Sally Ride, The First American Woman in Space, Has Died
Astronaut Sally Ride, the first American woman to fly in space, has died. She was 61, and had been battling pancreatic cancer for nearly two years.
Ride was a native of Los Angeles, and graduated from Westlake High School in 1968, according to her NASA biography.
A physicist, Ride went to Stanford University and earned both a bachelor of science in Physics and a bachelor of arts in English in 1973, and master of science and doctorate degrees in Physics in 1975 and 1978, respectively.
In 1978 Ride was selected as an astronaut candidate by NASA, and by August 1979 had completed her one-year training program and evaluation. Her first flight into space was in 1983, at which time she became not only the first American woman to make the trip, but, at 32, was also the youngest American at the time to do so. Ride flew on the Challenger in 1984, and was in training for her third flight when that same shuttle broke apart just minutes after take-off; Ride was named to the committee that investigated the tragic accident.Ride was with NASA until 1987, and spent the rest of her career in education, writing books, and inspiring young scientists, especially girls. From NASA:
In 1989, Dr. Ride joined the faculty at UCSD as a Professor of Physics and Director of the University of California’s California Space Institute. In 2001 she founded her own company, Sally Ride Science [http://www.sallyridescience.com] to pursue her long-time passion of motivating girls and young women to pursue careers in science, math and technology. The company creates entertaining science programs and publications for upper elementary and middle school students and their parents and teachers.
Ride is said to have died peacefully Monday. From Sally Ride Science:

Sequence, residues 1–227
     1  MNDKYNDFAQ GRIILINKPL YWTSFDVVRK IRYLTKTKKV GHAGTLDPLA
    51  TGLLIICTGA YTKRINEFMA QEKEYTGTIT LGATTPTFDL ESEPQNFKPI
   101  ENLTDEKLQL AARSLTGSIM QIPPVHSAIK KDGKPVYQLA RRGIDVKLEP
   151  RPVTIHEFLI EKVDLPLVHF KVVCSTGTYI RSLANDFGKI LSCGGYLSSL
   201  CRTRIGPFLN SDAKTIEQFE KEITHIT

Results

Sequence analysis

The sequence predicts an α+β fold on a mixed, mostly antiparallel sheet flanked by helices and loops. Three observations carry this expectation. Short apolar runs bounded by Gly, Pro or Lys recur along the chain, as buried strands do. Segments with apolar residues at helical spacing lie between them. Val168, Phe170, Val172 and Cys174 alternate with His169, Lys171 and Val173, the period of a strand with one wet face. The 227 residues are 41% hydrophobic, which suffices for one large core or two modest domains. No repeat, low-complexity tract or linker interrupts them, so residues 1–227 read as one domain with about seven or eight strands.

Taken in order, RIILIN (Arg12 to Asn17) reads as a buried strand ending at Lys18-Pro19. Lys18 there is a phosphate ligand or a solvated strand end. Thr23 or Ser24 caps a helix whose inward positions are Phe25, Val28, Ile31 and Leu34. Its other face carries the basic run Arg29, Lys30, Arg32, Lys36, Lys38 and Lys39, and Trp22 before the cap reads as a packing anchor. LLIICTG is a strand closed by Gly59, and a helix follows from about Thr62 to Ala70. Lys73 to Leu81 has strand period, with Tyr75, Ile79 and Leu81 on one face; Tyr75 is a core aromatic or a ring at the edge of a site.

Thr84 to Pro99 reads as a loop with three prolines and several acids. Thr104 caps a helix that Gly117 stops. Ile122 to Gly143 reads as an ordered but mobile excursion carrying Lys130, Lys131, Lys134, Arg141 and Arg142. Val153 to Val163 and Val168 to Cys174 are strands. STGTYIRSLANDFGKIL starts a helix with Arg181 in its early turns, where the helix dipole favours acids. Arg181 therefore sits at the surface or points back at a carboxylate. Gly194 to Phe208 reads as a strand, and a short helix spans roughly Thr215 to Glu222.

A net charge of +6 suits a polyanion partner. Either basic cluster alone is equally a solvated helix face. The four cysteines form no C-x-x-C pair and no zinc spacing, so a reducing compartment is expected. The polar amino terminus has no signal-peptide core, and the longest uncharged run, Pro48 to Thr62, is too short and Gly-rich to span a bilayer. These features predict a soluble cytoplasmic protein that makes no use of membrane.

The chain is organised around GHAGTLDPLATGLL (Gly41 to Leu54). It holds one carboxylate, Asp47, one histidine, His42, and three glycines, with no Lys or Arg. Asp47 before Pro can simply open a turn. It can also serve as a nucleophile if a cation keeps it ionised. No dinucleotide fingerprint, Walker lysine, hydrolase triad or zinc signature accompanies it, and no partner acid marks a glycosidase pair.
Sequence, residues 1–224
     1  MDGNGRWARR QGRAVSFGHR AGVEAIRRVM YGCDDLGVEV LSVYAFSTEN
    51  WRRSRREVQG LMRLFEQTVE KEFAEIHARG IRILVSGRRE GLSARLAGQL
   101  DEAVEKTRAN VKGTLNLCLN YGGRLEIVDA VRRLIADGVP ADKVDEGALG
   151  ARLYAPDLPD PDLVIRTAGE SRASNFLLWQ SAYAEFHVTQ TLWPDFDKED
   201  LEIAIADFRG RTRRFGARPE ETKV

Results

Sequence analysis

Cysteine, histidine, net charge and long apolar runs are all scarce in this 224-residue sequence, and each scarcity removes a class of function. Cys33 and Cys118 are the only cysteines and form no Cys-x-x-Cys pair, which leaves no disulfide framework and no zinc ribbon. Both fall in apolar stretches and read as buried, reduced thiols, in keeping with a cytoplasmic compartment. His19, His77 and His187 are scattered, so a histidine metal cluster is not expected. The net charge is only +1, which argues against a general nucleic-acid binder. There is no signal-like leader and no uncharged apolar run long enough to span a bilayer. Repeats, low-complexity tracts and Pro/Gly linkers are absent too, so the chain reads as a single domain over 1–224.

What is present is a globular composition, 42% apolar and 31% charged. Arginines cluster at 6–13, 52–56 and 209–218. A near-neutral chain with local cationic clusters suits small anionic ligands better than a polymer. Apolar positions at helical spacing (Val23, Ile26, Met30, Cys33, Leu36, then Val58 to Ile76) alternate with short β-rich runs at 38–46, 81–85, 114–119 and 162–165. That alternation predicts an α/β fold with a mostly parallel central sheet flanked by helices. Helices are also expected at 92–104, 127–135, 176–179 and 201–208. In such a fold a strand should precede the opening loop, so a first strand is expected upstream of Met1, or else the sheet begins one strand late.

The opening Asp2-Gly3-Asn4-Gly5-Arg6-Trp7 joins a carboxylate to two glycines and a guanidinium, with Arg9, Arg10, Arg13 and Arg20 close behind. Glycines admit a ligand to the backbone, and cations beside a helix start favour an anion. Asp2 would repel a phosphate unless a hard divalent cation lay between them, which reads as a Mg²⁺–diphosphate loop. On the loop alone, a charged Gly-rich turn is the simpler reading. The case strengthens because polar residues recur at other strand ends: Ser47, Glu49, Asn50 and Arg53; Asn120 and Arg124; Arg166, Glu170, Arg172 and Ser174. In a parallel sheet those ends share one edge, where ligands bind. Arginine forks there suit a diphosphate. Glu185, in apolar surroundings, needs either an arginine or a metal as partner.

Sally lived her life to the fullest, with boundless energy, curiosity, intelligence, passion, joy, and love. Her integrity was absolute; her spirit was immeasurable; her approach to life was fearless. [...]In addition to Tam O'Shaughnessy, her partner of 27 years, Sally is survived by her mother, Joyce; her sister, Bear; her niece, Caitlin, and nephew, Whitney; her staff of 40 at Sally Ride Science; and many friends and colleagues around the country.
NASA offered thoughts on the life and legacy of Ride in a post about the scientist's life:
"Sally Ride broke barriers with grace and professionalism - and literally changed the face of America’s space program," said NASA Administrator Charles Bolden. "The nation has lost one of its finest leaders, teachers and explorers. Our thoughts and prayers are with Sally's family and the many she inspired. She will be missed, but her star will always shine brightly." “Sally was a personal and professional role model to me and thousands of women around the world,” said NASA Deputy Administrator Lori Garver. “Her spirit and determination will continue to be an inspiration for women everywhere.”